I plunged into the story of the Curragh Wrens; in song, and art, poetry and prose, but the majority of the scholarly and fictional writings on the Wren women have focused on the period of the 1860s, and draw heavily upon the newspaper reports of James Greenwood, published in the Pall Mall Gazette. Of the decades before that there is little known.

I circled around the story of the Wren women for a couple of years, seeking a way in. I wasn’t a writer when I first learned their tragic stories. I was a reader and I sought out and studied everything I could find about the women. I didn’t think there was much that I, as a non-writer, could add to the story set in the 1860s.

Orla McAlinden on winning the Writing.ie Short Story of the Year Award at the 2016 Irish Book Awards
Orla McAlinden on winning the Writing.ie Short Story of the Year Award at the 2016 Irish Book Awards

I hadn’t written a paragraph since GCSE English classes back in the 1980s. I practiced my writing skills on a subject I felt more familiar with: stories set in the rural farming landscape and dialect of my childhood home in Ulster. After many false starts and rejections, Sowilo Press in Philadelphia published my first collection The Accidental Wife, and one of those stories, The Visit, won the Irish Book Awards short story of the year in 2016. But I still had no idea how to do justice to the Wrens.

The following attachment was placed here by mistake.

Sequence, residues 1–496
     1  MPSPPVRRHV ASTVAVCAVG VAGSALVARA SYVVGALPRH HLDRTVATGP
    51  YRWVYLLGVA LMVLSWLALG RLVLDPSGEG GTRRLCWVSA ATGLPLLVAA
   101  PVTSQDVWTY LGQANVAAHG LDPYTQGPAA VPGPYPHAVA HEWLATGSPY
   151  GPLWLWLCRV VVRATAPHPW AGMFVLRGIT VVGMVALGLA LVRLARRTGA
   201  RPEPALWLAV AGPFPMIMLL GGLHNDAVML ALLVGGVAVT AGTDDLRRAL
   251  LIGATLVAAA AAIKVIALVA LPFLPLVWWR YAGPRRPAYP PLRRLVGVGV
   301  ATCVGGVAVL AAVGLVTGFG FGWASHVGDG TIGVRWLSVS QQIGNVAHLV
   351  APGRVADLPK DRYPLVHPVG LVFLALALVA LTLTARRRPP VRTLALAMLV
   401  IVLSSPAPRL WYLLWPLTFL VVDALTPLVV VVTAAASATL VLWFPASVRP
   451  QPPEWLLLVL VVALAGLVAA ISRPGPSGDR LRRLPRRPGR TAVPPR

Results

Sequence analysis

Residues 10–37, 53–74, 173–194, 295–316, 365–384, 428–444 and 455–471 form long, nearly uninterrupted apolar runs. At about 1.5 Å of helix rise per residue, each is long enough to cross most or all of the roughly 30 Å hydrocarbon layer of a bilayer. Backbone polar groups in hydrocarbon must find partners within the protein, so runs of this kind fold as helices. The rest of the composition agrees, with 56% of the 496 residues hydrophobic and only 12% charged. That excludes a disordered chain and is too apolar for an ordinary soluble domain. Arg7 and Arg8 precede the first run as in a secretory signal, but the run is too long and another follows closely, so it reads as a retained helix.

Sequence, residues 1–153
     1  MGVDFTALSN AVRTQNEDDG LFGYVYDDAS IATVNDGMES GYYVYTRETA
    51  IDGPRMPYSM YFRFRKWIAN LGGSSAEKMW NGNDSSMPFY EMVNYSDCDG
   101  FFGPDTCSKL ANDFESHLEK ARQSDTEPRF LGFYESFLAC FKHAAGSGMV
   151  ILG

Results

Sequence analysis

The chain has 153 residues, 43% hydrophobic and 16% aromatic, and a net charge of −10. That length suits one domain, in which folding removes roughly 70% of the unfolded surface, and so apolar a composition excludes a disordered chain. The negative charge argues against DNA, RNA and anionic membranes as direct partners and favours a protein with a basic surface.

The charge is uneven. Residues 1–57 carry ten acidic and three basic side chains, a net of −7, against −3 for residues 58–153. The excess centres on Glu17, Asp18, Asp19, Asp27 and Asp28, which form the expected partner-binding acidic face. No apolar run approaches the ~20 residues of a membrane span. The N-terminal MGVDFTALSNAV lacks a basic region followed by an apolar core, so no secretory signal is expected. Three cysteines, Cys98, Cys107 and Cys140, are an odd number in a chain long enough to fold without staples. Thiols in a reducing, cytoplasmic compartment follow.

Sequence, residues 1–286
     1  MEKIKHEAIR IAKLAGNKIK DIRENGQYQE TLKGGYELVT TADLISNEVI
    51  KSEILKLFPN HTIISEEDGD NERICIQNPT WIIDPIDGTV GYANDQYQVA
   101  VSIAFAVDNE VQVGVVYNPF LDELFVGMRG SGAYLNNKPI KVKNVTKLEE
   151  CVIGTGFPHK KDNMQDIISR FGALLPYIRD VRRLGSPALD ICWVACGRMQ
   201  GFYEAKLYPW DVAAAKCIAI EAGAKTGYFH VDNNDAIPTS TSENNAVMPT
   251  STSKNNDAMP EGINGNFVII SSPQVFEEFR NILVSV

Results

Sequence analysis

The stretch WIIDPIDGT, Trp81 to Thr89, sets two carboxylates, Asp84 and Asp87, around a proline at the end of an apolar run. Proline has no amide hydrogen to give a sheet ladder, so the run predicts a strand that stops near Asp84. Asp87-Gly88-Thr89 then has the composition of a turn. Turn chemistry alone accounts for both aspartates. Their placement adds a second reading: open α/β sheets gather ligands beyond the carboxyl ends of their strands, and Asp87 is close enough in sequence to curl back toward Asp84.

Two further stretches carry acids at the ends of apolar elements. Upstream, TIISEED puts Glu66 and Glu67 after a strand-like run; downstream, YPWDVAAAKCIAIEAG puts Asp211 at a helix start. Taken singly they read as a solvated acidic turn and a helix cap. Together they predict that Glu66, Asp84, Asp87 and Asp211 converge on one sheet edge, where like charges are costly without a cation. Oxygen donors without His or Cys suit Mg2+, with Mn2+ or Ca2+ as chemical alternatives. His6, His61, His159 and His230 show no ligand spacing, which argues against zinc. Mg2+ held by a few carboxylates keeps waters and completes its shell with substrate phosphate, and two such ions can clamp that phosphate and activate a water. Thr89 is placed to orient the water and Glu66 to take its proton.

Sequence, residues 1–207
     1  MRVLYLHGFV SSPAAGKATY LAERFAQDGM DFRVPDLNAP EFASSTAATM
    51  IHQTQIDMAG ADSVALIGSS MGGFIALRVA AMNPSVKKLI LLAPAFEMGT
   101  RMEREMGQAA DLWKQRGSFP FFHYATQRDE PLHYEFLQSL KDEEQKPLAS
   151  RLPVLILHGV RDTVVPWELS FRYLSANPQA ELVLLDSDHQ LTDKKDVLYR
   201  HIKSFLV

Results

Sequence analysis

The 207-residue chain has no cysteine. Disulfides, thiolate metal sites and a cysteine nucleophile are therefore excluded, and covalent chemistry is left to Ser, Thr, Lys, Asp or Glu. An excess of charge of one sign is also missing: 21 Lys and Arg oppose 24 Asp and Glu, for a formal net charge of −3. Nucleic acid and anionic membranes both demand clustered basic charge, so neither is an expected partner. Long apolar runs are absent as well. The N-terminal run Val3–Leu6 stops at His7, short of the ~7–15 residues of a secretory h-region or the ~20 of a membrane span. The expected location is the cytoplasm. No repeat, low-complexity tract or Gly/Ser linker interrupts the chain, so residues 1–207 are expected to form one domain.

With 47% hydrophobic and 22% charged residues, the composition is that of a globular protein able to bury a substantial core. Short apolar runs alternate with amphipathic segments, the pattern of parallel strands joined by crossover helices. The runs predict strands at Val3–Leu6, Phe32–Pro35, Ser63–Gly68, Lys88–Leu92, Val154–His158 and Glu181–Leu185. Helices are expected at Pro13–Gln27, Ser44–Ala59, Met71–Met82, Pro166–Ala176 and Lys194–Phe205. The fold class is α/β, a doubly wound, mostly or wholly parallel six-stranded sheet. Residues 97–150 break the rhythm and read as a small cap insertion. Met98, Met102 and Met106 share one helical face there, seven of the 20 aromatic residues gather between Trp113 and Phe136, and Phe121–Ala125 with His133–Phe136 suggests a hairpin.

Inspiration struck in the local history section of Hodges Figgis. By chance I picked up two books from the Maynooth University Local History series: Catherine Fleming’s The Transportation of Women from Kildare to van Diemen’s Land, and Ciarán Reilly’s John Plunkett Joly and the Great Famine. Everything fell into place, and I had my opening, my route into the exploration of the Wren women’s struggle for survival; through crime, prostitution, forced marriage, emigration, and their simple refusal to die. By the time I reached the cash register, I knew the arc of the novel.

Inspired by true events, the tales of real Irish women and girls weave throughout the novel in a blend of fact and fiction. Acts of desperation, betrayal, courage and love, both real and imagined, lead my characters out of the furze bushes of the Curragh.

Since publication last year by Red Stag Press, many readers have complimented me on my astute timing, and I just smile. The Flight of the Wren has a dual timeline – one set in 1849, and the second in Tasmania (van Diemen’s Land) in 1919. The fact that we are in the centenary commemoration year of the Spanish flu, which features in the novel, and the 170th anniversary of the end of the Famine-period is a lucky coincidence, rather than the result of my genius. If I, in my innocence, had had any idea when I began writing The Flight of the Wren in 2014, that it would take four years to find a publisher, I probably would never have started. Without an agent or mentor, the submission process was a nightmare, but I couldn’t give up. My women travelled to the other end of the world to survive, I couldn’t give up on them.

After 70 rejections, (and some successes; the novel won a place at the ILFD Date with an Agent 2015, the Greenbean Novel Fair 2016, and won the Cecil Day Lewis emerging writer award from Kildare Arts Service in 2016) Red Stag bought the rights in early 2018. And the rest, as they say, is history.
The Flight of the Wren by Orla McAlinden is published by Red Stag Press, at €14.99 flightofthewren.com orlamcalinden.com mentorbooks.ie